New Britain, CT; 56 Units, Project-Based Section 8 Senior Apartments
This affordable senior apartment project was acquired by the current owner in 2002 using tax exempt financing and 4% tax credits. Demand for the affordable units in New Britain, CT had been consistently high and the project had an excellent operating history.
Although moderate rehabilitation was done with tax credit proceeds in 2002, additional work needed to be done. This work included replacing all eight of the project’s aging boilers. The capital replacement reserve also was dangerously low. The transaction was complicated by the need to unwind the existing municipal debt and obtain releases of lien and bond escrows in order to close on the proposed FHA loan. The interest rate on the municipal bond loan was 7% -- more than double the rate available in the FHA market. The municipal bond loan, even though ten years old, carried a $73,000 prepayment penalty and CHFA was holding a $300,000 debt service reserve.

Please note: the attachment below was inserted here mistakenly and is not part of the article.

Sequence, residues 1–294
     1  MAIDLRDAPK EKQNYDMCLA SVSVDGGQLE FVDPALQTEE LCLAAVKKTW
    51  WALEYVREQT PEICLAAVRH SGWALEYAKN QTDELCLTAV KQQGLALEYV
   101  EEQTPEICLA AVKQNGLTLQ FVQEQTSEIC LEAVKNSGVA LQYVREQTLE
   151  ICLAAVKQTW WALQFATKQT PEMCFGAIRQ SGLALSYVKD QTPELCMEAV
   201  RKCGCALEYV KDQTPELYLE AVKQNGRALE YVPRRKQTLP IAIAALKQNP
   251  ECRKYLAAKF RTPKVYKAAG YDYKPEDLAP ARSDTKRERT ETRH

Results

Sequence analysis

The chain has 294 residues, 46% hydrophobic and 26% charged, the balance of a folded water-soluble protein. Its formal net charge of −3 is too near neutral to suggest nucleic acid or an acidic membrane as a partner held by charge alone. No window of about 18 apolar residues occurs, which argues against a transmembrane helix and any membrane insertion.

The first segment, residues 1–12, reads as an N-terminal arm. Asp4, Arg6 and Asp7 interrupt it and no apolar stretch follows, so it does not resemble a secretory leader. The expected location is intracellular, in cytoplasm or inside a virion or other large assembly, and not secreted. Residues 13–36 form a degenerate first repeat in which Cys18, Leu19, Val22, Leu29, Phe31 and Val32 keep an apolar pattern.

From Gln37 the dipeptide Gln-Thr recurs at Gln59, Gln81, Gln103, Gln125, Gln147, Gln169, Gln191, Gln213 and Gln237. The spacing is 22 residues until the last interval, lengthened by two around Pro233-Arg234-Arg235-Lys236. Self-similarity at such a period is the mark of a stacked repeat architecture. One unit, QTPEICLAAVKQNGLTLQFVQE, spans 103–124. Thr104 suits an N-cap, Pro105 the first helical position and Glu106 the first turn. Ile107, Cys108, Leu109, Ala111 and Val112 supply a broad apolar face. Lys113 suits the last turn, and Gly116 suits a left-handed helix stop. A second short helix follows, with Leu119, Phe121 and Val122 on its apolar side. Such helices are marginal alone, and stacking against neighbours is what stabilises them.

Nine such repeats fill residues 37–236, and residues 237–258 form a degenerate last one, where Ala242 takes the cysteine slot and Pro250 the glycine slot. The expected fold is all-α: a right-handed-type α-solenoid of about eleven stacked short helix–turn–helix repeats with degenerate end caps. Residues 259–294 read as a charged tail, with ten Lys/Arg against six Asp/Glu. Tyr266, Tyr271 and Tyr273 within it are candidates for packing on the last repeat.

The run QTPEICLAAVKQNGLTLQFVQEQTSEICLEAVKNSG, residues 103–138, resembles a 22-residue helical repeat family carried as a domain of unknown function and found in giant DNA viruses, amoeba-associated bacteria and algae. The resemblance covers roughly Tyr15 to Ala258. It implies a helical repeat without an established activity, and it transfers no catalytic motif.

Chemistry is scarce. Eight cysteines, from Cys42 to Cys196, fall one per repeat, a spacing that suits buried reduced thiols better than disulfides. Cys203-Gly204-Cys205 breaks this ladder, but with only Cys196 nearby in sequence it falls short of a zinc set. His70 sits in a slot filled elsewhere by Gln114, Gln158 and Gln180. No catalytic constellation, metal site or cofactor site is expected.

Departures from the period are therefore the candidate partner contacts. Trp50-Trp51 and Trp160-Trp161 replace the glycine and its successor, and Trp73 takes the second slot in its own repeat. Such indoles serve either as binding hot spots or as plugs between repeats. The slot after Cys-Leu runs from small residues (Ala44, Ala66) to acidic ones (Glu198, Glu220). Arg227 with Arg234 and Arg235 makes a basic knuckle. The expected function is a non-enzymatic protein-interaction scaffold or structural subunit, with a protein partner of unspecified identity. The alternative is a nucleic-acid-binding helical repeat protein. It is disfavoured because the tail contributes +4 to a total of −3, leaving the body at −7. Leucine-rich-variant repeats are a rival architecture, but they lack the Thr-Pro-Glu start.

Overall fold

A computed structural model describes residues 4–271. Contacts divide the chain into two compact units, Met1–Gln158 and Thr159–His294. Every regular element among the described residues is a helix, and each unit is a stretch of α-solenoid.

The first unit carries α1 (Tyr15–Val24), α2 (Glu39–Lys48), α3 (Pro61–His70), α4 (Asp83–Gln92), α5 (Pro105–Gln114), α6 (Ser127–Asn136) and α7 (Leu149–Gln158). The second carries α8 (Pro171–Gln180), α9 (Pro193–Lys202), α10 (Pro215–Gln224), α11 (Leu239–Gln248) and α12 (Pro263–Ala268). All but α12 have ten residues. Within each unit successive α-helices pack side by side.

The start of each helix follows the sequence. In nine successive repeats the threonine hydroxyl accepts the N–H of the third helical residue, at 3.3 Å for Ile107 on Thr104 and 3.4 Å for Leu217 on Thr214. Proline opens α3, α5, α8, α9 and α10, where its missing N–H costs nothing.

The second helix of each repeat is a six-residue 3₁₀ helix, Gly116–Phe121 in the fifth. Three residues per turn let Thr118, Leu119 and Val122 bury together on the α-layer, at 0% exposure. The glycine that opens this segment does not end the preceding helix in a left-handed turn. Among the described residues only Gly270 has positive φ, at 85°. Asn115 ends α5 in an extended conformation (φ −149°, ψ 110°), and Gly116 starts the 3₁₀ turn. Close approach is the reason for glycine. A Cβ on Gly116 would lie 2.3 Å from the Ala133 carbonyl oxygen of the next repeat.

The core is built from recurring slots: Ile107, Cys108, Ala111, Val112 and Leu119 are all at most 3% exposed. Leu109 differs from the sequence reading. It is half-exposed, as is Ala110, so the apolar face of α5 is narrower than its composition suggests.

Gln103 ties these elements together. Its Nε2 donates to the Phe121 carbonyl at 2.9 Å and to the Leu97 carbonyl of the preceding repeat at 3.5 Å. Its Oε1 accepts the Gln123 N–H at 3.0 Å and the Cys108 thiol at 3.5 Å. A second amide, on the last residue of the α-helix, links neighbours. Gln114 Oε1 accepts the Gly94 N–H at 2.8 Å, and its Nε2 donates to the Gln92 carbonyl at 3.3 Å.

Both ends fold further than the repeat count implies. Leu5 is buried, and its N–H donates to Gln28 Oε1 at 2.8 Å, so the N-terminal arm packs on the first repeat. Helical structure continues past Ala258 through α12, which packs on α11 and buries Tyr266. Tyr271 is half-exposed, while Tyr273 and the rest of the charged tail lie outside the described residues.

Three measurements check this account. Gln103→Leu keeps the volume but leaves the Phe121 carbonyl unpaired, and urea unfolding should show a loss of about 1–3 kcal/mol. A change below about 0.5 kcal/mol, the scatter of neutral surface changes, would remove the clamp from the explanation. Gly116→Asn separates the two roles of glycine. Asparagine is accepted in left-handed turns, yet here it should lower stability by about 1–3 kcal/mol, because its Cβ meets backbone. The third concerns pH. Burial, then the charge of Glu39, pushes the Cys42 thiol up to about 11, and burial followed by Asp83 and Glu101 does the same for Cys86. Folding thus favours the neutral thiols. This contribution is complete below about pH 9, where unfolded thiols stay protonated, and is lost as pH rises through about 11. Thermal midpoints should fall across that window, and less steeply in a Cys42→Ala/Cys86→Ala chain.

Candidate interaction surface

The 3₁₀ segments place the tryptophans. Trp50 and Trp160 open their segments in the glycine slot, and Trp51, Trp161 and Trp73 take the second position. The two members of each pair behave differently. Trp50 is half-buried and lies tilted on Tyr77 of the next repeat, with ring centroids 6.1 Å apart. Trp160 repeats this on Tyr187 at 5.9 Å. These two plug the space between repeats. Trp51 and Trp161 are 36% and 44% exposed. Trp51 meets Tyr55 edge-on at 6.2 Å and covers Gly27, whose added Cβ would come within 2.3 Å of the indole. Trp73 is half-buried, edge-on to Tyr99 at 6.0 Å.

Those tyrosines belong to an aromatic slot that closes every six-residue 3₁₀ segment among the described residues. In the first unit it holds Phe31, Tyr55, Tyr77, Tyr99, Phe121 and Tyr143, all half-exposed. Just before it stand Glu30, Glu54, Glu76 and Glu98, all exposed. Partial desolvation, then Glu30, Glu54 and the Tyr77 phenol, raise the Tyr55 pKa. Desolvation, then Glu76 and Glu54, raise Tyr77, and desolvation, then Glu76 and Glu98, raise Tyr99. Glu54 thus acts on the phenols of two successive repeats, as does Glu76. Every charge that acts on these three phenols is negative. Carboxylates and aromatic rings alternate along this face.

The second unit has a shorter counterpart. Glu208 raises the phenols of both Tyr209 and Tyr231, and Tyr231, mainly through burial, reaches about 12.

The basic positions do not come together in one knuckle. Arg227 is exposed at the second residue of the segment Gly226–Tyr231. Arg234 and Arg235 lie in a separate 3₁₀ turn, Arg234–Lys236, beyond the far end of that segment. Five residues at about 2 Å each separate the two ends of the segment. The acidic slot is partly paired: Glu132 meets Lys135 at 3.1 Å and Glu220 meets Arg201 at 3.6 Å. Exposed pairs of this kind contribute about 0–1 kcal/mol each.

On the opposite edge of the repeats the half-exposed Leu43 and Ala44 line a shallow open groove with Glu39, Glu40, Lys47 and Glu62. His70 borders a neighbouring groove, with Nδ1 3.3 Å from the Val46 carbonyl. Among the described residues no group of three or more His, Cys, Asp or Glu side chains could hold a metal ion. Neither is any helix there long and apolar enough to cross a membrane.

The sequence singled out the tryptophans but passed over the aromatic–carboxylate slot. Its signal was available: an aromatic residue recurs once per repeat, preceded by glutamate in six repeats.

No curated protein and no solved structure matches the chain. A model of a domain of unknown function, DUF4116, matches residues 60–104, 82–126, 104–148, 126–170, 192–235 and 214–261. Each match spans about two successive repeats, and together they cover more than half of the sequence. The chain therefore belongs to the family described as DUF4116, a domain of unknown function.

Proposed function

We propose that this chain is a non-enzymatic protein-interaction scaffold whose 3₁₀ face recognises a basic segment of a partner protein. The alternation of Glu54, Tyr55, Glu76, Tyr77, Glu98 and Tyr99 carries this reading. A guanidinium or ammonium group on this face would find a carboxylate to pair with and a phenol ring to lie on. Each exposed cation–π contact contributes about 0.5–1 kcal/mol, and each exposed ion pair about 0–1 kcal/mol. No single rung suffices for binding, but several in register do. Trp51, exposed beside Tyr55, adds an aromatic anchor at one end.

Rockhall was able to obtain a commitment for FHA mortgage insurance for a loan that would fund a $280,000 increase to the capital replacement reserve ($5,000 per unit). The FHA loan also funded the boiler replacements ($36,000), as well as addressing a number of critical repairs ($12,000). Rockhall was able to work directly with the owner of the municipal bond debt to negotiate a payoff. The FHA mortgage balance did not increase appreciably because the repairs and increase to the capital replacement reserve were mostly funded by the release of a $300,000 debt service reserve that CHFA was holding. FHA does not require debt service reserves on projects that meet debt service coverage requirements. The FHA loan reduced the project’s debt service burden by 40% and put the project on a sound financial footing.